Reinke is right to identify the anthropomorphism written into—really, inherent within—these voices; rather than using the term in the usual disparaging sense, he echoes those, like the philosopher John Andrew Fisher (22), who recognize that the price of such skepticism is an imaginative myopia preventing greater insights into animal consciousness.  With Trainor, anthropomorphism is essential to his speculations on the nature of our sensory and emotional development.  Moschops deploys prehistoric evidence—albeit in a bolder manner—to put forth the notion that an inability to transform inner life into sound was sublimated into violent interaction between these Late Permian-era creatures.  Surely a certain denial is necessary to ignore how this anticipates animal behavior living on to this day- in rugby scrums, on highway access roads, and at all-you-can-eat buffets.

The Bats explores another pathway in the evolution of sound and vocal function divergent from that of our own; with finely calibrated hearing, Trainor’s subject navigates and hunts within the utter darkness of a cave interior, living a hedonist’s dream life of sex, defecation, devouring big juicy worms, and quenching one’s thirst.   The calls of these creatures don’t communicate, at least as we typically understand that term; instead they create an elaborate biosonar loop for detecting food sources and avoiding obstacles while in flight.

The darkness of the cave sheds its own kind of light on Trainor’s approach to filmmaking, as well as on the films he doesn’t make- his creatures are not the cuddly charismatics so common in natural history museum blockbusters and television sweeps-week specials; his chosen species for such darkly speculative works are in fact extinct.  Here again, animation seems the destined option.  Trainor's drawing style is uningratiating, distilling subjects to an essence: rendered as a blunt, mask-like visage, the moschops’ facial features are expressive of a pre-expressive state; with the bats, a simple beauty of line inflects their appearance as the living caricature of homely utility.

Trainor conveys the invisible through a visual poetics derived from the motion graphic techniques common to post-war educational films and to the montage sequences of Slavko Vorkapich- in The Bats, radiant lines suggest sound waves moving in a simulated slow motion; in Moschops, we see hallucinations through the eyes of a dying male.  Together with the narration’s divided consciousness, such techniques are a forceful rebuttal to criticism like the kind leveled at Keller, as the filmmaker incorporates the secondhand knowledge derived from pioneer researchers such as Donald Griffin (23)  in discovering phenomena beyond the reach of our unaided senses.

Whether placing absolute faith in the machine-eye of the camera (or in the case of Brakhage, its handmade approximation), or in the gathering and assembly of mongrel materials from disparate sources, both approaches—worlds apart as they are—depend upon the enlistment of unwitting collaborators.  For Easterson and Brakhage, a total sensory identification with the animal subject can only come about with a forfeiture of the filmmaker’s agency as a significant piece of the production process.  With Andrews and Trainor, animation is revealed as a form of writing whose structuring principles are to incorporate the texts of others, genre conventions culled from the history of film, and the sensory research (both real and imagined) from scientists of the recent past.   Between these two poles lie important efforts in extending the ways in which moving image media can help us know animals a little bit better.  This account merely touches their most prominent features, and neglects mention of countless other noteworthy examples.  Whatever is missed by individual works in terms of a self-sufficient world-view gains a more useful perspective by returning one final time to Helen Keller:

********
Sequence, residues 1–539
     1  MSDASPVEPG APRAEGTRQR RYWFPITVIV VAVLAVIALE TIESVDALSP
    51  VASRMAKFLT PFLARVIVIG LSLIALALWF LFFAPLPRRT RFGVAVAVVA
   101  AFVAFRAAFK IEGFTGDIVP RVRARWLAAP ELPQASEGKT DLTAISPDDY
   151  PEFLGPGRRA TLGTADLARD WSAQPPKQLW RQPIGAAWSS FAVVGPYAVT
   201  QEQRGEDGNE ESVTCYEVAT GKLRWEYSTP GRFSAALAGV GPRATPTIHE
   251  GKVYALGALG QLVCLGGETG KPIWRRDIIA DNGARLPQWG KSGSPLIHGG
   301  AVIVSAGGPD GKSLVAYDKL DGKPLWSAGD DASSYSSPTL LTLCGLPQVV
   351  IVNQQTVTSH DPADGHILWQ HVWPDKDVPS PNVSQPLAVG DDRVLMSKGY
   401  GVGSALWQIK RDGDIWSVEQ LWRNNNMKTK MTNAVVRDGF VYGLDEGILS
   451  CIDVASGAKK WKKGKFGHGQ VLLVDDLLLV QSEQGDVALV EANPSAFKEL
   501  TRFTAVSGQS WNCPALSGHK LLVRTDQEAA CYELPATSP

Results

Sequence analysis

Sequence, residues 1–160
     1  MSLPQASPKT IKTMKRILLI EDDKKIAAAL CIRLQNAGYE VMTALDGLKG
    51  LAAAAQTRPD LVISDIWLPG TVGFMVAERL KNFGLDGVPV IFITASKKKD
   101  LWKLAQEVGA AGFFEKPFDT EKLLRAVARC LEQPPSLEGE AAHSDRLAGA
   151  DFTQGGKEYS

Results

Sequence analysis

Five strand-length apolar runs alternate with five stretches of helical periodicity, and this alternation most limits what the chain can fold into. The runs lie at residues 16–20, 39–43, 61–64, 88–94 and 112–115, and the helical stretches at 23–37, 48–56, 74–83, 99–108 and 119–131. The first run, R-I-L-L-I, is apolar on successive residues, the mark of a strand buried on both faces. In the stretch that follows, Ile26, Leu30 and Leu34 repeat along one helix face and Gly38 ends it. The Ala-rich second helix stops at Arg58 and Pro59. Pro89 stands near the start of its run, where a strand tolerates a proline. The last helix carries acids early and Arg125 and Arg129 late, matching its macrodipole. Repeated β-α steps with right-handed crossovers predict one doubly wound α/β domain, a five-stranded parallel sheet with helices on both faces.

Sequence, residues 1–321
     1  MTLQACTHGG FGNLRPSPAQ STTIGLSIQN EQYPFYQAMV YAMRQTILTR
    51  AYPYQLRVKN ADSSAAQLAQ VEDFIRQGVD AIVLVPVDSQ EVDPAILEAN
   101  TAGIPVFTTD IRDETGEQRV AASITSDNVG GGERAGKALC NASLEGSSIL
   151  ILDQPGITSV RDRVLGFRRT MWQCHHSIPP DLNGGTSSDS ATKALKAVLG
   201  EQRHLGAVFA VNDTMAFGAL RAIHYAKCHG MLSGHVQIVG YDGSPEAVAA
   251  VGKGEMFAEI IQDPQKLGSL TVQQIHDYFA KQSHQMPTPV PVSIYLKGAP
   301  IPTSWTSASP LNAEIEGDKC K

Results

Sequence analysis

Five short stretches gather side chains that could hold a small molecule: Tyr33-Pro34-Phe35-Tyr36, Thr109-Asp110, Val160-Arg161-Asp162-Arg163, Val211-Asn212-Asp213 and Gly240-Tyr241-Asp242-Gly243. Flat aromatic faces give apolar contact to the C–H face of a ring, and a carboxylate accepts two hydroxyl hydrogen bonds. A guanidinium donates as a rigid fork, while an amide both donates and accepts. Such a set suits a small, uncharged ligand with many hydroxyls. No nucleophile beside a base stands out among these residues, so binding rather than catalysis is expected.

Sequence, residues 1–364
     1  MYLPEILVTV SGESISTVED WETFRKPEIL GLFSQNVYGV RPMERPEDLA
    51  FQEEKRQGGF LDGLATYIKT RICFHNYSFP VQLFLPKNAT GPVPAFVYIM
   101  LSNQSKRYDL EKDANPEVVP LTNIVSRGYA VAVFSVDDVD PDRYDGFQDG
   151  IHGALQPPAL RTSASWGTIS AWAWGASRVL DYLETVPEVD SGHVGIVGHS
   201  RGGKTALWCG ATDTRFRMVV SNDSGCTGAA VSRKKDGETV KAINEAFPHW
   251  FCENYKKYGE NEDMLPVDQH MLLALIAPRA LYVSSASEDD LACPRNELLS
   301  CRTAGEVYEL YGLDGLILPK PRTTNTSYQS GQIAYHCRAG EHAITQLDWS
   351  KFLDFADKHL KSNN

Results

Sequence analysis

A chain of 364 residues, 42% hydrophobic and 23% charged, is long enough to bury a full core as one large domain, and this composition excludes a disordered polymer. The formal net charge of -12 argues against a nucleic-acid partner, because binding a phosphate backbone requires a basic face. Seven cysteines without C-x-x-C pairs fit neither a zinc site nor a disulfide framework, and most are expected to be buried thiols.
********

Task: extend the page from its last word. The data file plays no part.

“Physics tells me that I am well off in a world which, I am told, knows neither color nor sound, but is made in terms of size, shape, and inherent qualities; for at least every object appears to my fingers standing solidly right side up, and is not the inverted image on the retina which, I understand, your brain is at infinite though unconscious labor to set back on its feet... My fingers cannot, of course, get the impression of a large whole at a glance; but I feel the parts, and my mind puts them together... The silent worker is imagination which decrees reality out of chaos.” (24) 

As with the puzzle-pieces of Keller’s perceptual and cognitive experience, each work is perhaps best viewed as an evidentiary fragment connected by a series of relays, creating a partial, sometimes contradictory world-view.   Away from the formal constraints, support systems, and accompanying expectations of public broadcasting and cable television networks, liberating possibilities await.   Alongside such well-financed and predictable fare produced to satisfy the assumed desires of a home audience, these films might be viewed—to borrow Manny Farber’s zoological distinction—as the “termite art” to the “white elephant art” of television nature programming.  Each of the films above, to paraphrase Farber, “feels its way through walls of particularization... eating away the immediate boundaries of his art, and turning these boundaries into conditions of the next achievement.” (25)


16) Paul Wells, "The Beautiful Village and the True Village: A Consideration of Animation and the Documentary Aesthetic", Art and Design, Vol. 12, No. 3/4 (March/April 1997), pp. 40-45.  I am grateful to Nancy Andrews for bringing this article to my attention.
17) Helen Keller, The World I Live In (New York Review Books, 2003), p. 29.
18) Ibid., p. 62.
19) Ibid.
20) Alden Whitman, "Helen Keller, 87, Dies", The New York Times, June 2, 1968,
21) Steve Reinke, "Jim Trainor" (Aurora: The Norwich International Animation Festival, 2007),
22) John Andrew Fisher, "Disambiguating Anthropomorphism: An Interdisciplinary Review", in Perspectives in Ethology, Vol. 9, P.P.G. Bateson and Peter Klopfer, eds. (Plenum Publishing, 1991), pp. 49-85,
23) provides a nice introduction to Griffin's research.
24) Keller, pp. 12-14.
25) Manny Farber, "White Elephant Art vs. Termite Art", in Negative Space (Praeger, 1971), pp. 135-136.